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Even after making a budget allocation of Rs 34,000 crore for vaccination, the Centre seems keen to get the states and the private sector to cross-subsidise its procurement of vaccines — there is no other rationale for multi-tiered vaccine pricing. A legitimate source of funding vaccine purchase is health insurance. All health insurance companies, including those providing State-sponsored Ayushman Bharat, can legitimately be asked to pony up the tab for procuring vaccines for everyone who is insured with them. After all, it makes sense for insurance companies to pre-empt having to pay for the hospitalised care for Covid of those insured with them.
All pre-funded insurance schemes should pay for the inoculation. The Employees’ State Insurance Corporation (ESIC) is a good example to follow. It plans to vaccinate nearly 13 crore people — 3.5 crore registered workers and their dependents — free of cost. The ESIC offers full medical care to an insured person and her family members from the day she enters insurable employment. There is no cap on expenditure on the treatment of the insured person. Rightly, eligible beneficiaries below 45 years of age will also be vaccinated free of cost. States should also use the proceeds of the Building and Other Construction Workers’ Welfare Cess to vaccinate about 3.5 crore construction workers. While every individual getting vaccinated has to pre-register and every vaccinated person gets a certificate after the jab, it is far from obvious that insurance companies or governments at the Centre and the states have any reliable way of managing their databases to match the insured with the vaccinated. It would be simpler for insurance companies to pay the Centre for their insured population, and for the Centre to procure and supply the vaccines.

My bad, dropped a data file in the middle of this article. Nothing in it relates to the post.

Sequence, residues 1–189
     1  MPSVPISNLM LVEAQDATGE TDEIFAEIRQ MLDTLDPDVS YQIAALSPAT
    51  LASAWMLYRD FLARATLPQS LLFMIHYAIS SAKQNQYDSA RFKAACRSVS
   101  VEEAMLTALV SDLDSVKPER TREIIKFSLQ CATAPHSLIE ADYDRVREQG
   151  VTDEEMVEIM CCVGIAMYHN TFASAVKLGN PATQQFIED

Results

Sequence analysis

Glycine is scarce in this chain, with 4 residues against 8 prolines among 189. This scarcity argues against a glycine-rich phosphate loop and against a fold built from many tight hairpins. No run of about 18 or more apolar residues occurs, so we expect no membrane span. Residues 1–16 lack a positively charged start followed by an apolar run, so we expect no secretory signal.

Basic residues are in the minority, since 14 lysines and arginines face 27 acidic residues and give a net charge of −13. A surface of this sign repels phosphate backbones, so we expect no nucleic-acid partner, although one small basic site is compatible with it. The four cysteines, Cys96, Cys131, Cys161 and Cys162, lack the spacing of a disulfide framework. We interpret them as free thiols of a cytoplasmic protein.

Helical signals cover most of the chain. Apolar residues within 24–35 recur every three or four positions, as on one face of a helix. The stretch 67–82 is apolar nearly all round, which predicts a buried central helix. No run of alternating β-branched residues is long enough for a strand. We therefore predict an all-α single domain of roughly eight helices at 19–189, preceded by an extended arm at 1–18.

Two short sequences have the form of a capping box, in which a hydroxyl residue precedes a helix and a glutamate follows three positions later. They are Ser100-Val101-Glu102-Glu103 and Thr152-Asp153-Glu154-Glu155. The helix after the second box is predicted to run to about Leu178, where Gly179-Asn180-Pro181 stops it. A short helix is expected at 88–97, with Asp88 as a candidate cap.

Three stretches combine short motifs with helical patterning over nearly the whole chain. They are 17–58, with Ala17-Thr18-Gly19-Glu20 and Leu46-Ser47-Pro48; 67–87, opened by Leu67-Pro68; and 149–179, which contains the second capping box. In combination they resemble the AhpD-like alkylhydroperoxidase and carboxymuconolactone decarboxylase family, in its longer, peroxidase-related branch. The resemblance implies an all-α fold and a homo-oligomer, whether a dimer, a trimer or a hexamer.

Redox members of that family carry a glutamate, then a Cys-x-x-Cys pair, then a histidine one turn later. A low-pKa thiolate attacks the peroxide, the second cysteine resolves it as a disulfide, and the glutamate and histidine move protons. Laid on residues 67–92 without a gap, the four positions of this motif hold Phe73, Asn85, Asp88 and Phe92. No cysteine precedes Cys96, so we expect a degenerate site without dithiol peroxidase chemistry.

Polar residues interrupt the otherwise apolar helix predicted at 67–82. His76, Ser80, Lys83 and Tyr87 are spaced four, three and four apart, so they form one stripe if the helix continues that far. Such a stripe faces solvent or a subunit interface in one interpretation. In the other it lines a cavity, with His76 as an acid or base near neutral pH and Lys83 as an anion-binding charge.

Companies are right to want to count their Covid-relief expenses as corporate social responsibility (CSR) spends. Some do splendid work. Their contributions to relief funds set up by chief ministers should qualify as CSR, just as their contribution to the PM Cares Fund does.
This piece appeared as an editorial opinion in the print edition of The Economic Times.